Thank you for your quick response! I had been told previously that being a non-resident might disqualify me from receiving the benefit of the exemption. But that was many years ago. BTW, I am glad to have found your blog – it’s very amusing! :-)

      • Thank you! I am glad you find not only useful, but also entertaining things here. :)

  60. my parents both died, ,y father first then my mother. My mother was a german citizen even though she lived here and had social security benefits here. The three remaining sons had to pay for her funeral. someone told me that there may be both a social security death benefit and also a german social security death benefit because she died a citizen and had paid into the german social security system for years. I am trying to find out about it. any clues from a hobo genius?

  61. Diane Byrd says:

    Dear Andreas, I am an American Citizen and live in the USA, my German Aunt passed away in Dusseldorf in August 2015. The only way I found out was I received a copy of her will in which I was not included by the local German courts. Can I protest the will? But I am most worried about all of my familys photos and important documents in my Aunts house. What are my rights? Where do I start to get ahold of all these important photos and documents? Help! Thank you so much.

  62. Tina says:

    My great uncle passed away near cologne,he owned a beautiful house and apartments. his wife passed away years before him. my uncles wife niece rented the apt attached to my uncles house. the niece and her famikyb who are German citizen do not want to relinquish house and apartments and family heirlooms. My father was his nephew. I’m trying to claim assets and family heirlooms. No one contacted us about his death or property. what can we do?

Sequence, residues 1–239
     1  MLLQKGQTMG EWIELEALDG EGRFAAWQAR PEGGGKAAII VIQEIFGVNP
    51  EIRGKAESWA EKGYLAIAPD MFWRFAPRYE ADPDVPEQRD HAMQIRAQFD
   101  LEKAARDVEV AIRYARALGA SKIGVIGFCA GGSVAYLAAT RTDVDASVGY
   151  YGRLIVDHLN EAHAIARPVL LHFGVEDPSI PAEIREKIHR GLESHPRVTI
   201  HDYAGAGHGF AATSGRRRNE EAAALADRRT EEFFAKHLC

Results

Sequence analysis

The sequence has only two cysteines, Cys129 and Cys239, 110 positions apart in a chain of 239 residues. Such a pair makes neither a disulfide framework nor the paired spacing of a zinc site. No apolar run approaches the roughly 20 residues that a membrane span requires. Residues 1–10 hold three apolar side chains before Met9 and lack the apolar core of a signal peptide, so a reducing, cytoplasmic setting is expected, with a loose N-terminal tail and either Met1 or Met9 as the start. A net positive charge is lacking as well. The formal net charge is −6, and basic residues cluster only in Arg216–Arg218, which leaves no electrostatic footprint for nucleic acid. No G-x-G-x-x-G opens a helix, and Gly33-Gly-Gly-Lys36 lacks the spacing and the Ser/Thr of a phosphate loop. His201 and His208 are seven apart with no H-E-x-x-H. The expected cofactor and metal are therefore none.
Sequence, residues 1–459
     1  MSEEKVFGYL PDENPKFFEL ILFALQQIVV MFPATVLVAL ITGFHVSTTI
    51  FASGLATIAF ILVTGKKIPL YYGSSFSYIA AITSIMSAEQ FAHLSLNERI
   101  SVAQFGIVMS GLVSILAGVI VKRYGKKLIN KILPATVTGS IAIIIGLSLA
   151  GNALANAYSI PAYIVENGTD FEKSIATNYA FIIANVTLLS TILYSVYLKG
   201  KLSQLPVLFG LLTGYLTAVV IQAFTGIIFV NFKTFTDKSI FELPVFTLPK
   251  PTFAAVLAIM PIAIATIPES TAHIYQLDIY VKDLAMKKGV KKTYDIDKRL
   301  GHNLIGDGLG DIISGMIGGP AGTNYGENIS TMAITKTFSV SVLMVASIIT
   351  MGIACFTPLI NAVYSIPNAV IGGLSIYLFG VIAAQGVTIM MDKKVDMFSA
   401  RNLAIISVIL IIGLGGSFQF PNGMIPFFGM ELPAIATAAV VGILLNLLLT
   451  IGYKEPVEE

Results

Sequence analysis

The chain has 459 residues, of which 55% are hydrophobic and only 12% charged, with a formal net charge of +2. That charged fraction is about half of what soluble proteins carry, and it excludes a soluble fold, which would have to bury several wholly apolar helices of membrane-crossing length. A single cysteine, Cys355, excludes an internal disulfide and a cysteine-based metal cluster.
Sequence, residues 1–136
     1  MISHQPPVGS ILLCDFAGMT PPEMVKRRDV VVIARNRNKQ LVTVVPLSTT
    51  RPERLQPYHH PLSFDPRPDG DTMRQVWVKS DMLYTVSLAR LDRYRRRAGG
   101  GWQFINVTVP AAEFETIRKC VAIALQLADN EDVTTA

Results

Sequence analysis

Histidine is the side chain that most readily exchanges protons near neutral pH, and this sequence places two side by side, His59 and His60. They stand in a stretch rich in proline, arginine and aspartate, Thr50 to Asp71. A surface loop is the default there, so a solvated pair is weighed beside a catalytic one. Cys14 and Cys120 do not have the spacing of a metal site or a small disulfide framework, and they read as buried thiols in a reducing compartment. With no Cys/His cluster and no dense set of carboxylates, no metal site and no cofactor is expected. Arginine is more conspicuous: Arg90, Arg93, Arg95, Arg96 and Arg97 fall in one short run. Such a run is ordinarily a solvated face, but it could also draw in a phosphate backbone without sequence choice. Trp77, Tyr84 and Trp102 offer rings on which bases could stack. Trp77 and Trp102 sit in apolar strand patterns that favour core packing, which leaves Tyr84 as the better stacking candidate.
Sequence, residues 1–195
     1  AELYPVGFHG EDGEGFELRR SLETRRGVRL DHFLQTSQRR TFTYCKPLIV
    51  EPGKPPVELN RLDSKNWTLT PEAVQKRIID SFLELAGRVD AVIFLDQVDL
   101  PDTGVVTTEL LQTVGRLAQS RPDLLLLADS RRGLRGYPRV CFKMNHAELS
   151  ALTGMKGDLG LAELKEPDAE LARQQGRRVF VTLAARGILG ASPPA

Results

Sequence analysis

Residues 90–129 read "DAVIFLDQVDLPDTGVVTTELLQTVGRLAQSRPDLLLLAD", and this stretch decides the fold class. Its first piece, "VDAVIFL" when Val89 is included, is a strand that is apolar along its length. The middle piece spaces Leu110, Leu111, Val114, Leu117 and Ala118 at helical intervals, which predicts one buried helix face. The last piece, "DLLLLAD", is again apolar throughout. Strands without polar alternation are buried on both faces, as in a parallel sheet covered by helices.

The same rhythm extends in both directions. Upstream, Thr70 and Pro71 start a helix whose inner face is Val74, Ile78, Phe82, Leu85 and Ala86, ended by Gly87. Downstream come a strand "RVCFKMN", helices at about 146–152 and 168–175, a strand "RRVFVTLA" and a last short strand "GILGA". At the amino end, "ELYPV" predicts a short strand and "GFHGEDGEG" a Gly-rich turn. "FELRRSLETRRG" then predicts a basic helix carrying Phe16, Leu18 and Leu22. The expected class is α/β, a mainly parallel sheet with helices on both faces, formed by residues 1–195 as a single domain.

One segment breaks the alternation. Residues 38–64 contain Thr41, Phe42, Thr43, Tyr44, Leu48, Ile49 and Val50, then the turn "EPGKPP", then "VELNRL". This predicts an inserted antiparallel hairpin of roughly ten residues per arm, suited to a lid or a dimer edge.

63. Pat Watson says:

    Dear Andreas, I am an American citizen in the US and was married to a German who passed away this year in June. We owned a house there together and there were no children. He did leave a will, leaving everything to me that I had verified at the various German legal offices. I would like to know what I have to do to collect his life insurance which I believe was part of a group policy that he had from work. I have been in contact with the insurance company but they keep putting me off, telling me the tax office in Berlin has not released the funds yet?? Isnt there a time limit in Germany for paying out life insurance benefits? It has now been 5 months. Our house was not paid off and I wonder if it is possible for the bank to claim the insurance benefits? I would also like to know about his retirement. Am I entitled to it? An if so, how much would it be?

  64. Denise Trimble says:

    My husbands aunt has just died in Germany. We also live in this country. She wrote a will leaving everything to my husband. This testament was made by a Notar and left at the Amtsgericht . We have now heard that she has hand written another testament. Which testament is valid.

      • Denise Trimble says:

        Dear Mr Moser,

        Regarding my previous question.

        The new will was written for her son. But he died before she did. So is his will void.
        Any help would be gratefully received

      • That’s very complicated. I would need to look at the wills and receive a complete timeline of events.

        I charge 200 EUR for a consultation by e-mail.

  65. Denise Trimble says:

    Thanks for your help

  66. Angela says: